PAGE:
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5/15/2000: Film name change troubles some

I just had a brilliant idea. In the name of efficiency, let’s get rid of Medill’s junior year internship program. Students can just stay at the university and write for The Daily. That’s all the experience they need anyway. They could just change the name of the school to “The Medill School of Cultural Editing and Writing,” because after all, it’s not a journalism department, it’s an editing and writing department.

Oooh, Oooh, I just had an even better idea. Let’s get rid of Tech’s co-op program. Let’s do away with C-trailer seminars too (although that’s no huge innovation). Let’s just get rid of everything that sets this school apart from others so that there will be no difference, and students will have no reason to come here. They’ll flock to NYU, to Harvard, to the University of Missouri. They need no hands-on experience with anything.

Or how about this: The film department could get its head out of the sand and take a moment to realize what they’ve done. Changing the name of the film department? Drastically reducing hands-on work? Reducing the scope of the experience in the name of technology? Sounds like a great idea.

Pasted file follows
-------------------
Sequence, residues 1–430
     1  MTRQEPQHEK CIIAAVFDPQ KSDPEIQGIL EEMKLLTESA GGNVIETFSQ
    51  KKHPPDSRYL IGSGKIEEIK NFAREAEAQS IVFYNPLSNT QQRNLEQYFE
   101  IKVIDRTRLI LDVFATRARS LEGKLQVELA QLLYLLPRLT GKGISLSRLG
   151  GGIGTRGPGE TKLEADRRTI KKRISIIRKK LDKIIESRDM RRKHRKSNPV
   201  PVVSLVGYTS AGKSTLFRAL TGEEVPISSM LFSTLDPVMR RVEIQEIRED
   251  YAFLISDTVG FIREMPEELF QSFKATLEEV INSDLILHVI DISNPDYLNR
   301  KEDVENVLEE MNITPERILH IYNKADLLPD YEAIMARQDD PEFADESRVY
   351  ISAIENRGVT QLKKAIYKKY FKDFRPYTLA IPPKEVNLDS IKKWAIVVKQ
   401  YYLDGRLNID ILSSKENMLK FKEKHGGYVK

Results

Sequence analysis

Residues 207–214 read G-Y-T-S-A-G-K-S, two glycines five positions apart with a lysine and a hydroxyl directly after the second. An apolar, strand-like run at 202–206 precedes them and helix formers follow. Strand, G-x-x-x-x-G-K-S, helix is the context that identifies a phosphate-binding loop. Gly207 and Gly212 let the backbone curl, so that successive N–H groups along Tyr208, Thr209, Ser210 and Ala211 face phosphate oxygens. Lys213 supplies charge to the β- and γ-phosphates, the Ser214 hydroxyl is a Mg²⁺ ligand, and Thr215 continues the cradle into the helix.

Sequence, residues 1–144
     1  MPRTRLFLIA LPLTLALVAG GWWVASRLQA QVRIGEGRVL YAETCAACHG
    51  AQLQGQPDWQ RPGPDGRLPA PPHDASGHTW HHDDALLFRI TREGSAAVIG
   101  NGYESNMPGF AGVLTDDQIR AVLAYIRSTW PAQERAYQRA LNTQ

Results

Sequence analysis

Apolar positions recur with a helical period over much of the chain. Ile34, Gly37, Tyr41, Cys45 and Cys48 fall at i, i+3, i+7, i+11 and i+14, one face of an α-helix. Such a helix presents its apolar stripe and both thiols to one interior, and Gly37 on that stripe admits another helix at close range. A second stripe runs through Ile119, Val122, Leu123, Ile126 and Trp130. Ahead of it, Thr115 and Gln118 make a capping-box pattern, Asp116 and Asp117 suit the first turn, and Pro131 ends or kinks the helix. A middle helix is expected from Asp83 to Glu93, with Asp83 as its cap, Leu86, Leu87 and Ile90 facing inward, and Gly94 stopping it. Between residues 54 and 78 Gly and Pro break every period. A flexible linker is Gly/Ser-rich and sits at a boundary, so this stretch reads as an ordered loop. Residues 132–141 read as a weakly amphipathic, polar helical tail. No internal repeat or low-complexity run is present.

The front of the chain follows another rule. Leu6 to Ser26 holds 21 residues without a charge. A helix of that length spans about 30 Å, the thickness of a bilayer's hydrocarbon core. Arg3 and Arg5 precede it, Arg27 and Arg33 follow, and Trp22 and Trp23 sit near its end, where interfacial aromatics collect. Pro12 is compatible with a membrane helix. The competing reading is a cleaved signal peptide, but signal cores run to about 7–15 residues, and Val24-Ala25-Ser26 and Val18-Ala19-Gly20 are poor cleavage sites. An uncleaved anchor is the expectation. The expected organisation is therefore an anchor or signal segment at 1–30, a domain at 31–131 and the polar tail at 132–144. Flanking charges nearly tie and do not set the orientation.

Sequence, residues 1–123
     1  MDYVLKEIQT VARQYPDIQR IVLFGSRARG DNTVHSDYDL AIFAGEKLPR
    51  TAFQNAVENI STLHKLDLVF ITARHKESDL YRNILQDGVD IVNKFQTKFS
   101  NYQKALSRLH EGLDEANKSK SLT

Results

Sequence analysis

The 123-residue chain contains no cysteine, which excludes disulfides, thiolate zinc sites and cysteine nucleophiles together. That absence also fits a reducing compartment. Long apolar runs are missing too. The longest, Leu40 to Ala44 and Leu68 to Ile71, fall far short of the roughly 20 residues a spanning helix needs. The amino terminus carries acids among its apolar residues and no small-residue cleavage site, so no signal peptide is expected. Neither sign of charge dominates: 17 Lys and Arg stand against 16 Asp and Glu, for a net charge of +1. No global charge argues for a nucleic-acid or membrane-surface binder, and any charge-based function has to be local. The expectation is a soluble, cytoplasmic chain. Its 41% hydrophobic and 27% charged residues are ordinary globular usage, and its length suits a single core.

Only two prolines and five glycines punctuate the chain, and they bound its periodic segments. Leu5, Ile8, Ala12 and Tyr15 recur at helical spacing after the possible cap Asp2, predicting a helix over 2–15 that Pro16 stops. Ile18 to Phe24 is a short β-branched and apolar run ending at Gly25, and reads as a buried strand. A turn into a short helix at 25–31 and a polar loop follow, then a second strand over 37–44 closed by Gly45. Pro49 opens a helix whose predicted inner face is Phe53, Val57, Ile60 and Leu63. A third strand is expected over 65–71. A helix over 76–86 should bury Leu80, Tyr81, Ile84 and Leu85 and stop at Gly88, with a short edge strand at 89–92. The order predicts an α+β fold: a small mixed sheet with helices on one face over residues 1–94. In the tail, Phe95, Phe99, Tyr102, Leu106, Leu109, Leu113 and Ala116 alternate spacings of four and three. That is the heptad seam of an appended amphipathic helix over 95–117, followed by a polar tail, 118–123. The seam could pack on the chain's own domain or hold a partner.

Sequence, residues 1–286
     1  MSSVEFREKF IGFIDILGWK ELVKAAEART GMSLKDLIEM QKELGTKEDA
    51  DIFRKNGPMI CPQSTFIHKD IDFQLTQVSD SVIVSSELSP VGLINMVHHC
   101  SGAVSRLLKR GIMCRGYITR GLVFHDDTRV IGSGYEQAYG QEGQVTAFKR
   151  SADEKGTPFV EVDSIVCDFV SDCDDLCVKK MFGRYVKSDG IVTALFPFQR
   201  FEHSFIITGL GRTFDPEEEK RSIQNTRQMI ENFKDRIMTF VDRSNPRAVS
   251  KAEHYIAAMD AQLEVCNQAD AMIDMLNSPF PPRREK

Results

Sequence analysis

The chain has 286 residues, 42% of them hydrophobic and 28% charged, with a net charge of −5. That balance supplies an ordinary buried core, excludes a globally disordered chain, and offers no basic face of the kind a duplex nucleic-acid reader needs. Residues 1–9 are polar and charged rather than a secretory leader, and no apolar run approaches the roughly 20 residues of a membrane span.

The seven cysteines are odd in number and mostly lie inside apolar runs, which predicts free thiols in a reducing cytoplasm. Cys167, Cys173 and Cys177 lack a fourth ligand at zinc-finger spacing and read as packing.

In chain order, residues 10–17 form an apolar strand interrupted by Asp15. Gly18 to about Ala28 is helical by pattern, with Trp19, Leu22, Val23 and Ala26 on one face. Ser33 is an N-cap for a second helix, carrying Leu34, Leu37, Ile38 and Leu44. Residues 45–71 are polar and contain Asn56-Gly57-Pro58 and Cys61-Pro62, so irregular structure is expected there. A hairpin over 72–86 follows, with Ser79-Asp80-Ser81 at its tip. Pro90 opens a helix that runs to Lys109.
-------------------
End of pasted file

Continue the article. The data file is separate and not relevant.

And in years to come, when prospective students scrap their application to Northwestern because they can’t risk their future for a degree in “Cultural Media,” the film administrators can just sit around and watch movies and discuss them. Because after all, we seem to have been mistaken. Radio/Television/Film is not a film department. How could we have been so silly?– Christina PellettThen-Medill junior5/17/2000: Hands on experience important

I’m an R/TV/F graduate in Los Angeles. While I was at Northwestern, films and videos I worked on won national prizes, including a Student Emmy Award for an animation I co-wrote and directed. Our success was due largely to the hands-on training we received.Don’t take that away from future students. Theater students act, biology students experiment, and film and television students need a chance to create media-not just talk about it.

– Peter AltonSpeech ’96